Giant trees have been a source of fascination to Victorians since settlers first penetrated the dense rainforests of Southern Victoria in the early nineteenth century. The trees which inspired awe were the Mountain Ash, (Eucalyptus regnans) the tallest hardwood in the world. The home of the giants are the wet forests of the Otways, West and South Gippsland and the Dandenong Ranges east of Melbourne.
During the 1860s and 1870s, timber workers and naturalists emerged from the forests with stories of massive trees towering to immense heights and as wide as houses. Government botanist Ferdinand von Mueller recounted the existence of a tree as high as the Egyptian Pyramids at 480 ft (144m) and another fallen tree in the Dandenong Ranges over 400 ft (120m). A giant was sighted in the Otways with a girth of 64 ft (19m).
As more of the forest was destroyed by clearing, logging and fire during the late nineteenth century the myths surrounding the giant trees grew. Rumours became more outlandish: somewhere near the headwaters of the LaTrobe river were believed to exist trees approaching 500ft (150m). The search for the tallest tree became an obsession - capturing Victorians' imagination.
The Melbourne Centennial International Exhibition of 1888 prompted a special search for Victoria's tallest trees. A reward of £20 was offered for anyone who could locate a tree of 400 ft (120m). No tree of such height was ever found. The tallest tree then located was 326 ft (98m) on Mt Baw Baw. The Centennial Exhibition competition resulted in the production of a book: The Giant Trees of Victoria. The book contains large photographic plates of the eight biggest trees in Victoria. Each plate is accompanied by a description of the height, width and location of the tree. The photographer was J. Duncan Pierce and the surveyor who took the measurements was C.R. Cunningham. Five of the plates are reproduced in this Virtual Exhibition.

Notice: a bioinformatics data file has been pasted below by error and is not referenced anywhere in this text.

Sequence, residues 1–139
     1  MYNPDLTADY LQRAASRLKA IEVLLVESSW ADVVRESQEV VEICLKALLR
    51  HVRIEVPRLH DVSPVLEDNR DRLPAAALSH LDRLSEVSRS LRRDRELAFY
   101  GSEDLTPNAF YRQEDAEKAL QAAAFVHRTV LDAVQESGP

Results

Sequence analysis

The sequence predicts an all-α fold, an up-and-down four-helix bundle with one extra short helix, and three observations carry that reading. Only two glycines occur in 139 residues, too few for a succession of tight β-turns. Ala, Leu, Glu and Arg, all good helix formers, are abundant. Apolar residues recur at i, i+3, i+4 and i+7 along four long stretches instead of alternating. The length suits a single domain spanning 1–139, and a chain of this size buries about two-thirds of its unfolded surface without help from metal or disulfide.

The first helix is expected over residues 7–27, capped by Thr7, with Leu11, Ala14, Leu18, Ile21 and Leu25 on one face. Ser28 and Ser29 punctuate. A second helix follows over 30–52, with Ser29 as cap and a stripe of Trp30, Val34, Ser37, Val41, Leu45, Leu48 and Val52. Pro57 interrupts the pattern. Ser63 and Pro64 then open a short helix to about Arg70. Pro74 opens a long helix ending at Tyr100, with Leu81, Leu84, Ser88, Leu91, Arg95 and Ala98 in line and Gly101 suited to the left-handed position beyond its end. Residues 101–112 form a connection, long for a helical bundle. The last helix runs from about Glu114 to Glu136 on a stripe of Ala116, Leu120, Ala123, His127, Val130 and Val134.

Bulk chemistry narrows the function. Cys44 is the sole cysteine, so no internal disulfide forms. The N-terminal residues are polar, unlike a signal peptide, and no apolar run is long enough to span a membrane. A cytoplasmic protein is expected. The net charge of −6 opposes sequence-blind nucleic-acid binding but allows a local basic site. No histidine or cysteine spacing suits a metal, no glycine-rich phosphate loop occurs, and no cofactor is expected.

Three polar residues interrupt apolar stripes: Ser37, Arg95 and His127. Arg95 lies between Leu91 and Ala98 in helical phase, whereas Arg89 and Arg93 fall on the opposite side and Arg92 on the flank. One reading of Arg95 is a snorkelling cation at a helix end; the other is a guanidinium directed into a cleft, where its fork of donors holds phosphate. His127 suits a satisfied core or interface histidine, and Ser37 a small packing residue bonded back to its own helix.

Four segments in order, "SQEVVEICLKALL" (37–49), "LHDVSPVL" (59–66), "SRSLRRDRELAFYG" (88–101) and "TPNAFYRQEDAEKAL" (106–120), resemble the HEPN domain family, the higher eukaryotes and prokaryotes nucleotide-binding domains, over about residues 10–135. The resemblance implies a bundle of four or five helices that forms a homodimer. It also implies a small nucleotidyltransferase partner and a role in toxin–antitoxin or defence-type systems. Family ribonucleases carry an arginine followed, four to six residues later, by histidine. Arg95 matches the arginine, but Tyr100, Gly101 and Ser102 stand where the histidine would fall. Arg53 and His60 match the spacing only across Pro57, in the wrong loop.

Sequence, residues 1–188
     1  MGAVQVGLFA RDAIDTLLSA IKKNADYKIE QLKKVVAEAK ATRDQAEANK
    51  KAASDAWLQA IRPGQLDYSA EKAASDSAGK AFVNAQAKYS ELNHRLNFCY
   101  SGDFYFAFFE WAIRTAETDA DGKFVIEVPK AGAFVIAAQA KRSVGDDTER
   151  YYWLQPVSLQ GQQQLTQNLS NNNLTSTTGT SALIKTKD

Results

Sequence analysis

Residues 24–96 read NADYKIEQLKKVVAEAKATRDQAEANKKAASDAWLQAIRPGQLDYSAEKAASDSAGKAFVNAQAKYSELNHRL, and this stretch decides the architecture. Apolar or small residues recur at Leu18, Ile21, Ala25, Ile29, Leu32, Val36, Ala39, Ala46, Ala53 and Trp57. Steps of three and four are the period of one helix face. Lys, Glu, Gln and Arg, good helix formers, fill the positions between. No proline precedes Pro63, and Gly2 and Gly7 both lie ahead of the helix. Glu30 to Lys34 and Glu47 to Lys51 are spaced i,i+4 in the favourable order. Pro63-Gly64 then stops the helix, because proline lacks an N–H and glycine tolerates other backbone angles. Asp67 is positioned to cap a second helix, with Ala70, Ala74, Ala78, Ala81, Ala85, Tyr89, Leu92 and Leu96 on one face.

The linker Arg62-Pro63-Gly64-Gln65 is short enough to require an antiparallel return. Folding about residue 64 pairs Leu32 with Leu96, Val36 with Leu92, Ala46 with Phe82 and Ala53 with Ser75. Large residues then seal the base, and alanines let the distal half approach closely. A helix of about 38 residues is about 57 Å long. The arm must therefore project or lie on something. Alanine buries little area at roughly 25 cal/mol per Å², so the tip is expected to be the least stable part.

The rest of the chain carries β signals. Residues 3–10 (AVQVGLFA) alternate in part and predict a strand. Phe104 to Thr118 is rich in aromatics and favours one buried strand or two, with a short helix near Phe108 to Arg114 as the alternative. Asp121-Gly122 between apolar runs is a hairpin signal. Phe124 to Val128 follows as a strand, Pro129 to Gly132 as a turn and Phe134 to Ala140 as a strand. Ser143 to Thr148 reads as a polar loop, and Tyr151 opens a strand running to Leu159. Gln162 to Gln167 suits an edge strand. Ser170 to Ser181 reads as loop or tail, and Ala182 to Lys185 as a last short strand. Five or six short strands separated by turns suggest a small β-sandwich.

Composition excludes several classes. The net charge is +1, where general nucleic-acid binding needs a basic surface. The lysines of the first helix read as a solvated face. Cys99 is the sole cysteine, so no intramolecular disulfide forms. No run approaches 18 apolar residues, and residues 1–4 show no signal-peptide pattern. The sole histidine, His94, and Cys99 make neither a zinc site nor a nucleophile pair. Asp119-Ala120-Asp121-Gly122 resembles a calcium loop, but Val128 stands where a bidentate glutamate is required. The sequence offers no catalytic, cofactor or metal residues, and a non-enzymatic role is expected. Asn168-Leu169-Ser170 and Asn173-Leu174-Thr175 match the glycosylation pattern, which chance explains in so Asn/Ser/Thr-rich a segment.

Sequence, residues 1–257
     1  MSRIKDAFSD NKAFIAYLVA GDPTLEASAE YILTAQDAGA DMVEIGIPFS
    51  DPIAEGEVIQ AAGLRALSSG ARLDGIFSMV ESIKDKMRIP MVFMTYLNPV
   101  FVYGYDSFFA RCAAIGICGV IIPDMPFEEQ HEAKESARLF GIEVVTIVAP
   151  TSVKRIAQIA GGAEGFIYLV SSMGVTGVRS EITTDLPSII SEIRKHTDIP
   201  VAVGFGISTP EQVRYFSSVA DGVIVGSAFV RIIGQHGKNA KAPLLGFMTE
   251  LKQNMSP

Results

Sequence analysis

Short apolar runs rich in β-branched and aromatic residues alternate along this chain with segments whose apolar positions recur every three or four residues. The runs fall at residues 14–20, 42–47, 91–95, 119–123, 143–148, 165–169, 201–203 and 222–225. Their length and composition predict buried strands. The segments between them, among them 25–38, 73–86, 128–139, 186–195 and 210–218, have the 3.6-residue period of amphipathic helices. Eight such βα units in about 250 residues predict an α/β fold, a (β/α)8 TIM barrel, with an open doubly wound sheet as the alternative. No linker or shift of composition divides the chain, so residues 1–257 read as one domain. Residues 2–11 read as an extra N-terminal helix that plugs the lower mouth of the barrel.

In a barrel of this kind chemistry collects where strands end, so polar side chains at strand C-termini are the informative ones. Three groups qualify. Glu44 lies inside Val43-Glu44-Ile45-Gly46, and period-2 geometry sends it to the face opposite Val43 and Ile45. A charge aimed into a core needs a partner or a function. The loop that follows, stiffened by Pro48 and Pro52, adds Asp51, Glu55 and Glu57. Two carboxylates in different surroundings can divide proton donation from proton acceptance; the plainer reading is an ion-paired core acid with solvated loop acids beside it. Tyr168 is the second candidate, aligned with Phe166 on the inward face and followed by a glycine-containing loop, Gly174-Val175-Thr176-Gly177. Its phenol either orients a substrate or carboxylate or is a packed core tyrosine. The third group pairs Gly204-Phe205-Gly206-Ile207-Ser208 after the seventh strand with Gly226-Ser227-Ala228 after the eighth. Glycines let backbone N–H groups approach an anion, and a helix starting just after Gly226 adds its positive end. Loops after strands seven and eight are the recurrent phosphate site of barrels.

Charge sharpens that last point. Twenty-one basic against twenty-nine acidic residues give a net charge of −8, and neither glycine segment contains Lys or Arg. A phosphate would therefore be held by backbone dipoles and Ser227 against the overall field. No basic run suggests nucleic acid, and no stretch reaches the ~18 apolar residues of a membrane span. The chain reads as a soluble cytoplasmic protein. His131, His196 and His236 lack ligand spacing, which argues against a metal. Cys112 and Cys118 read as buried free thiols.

Although tall trees still exist, the largest and most ancient examples were destroyed in the nineteenth century. Many huge trees were carefully measured then promptly cut down. Mountain Ash was popular with splitters for making palings and shingles and many giant trees ended up cladding the roofs of Victorian homes. However, the specimens that survived were often highly valued and became places of pilgrimage for tourists and naturalists alike. They were measured, photographed, studied and named: "The Baron" in the Dandenongs, "Uncle Sam" on Black Spur and "King Edward VII" in the Cumberland Valley. Big trees are still a source of fascination for Victorians. In the forest north east of Powelltown is "The Ada Tree" which has its own friends group who have constructed a walking track and protective boardwalk. "Mr Jessop" in Melbourne's water catchment (over 88 metres high with a 8.5m girth) is thought to be one of the tallest living trees in Victoria today.
View the Giant trees photo collection.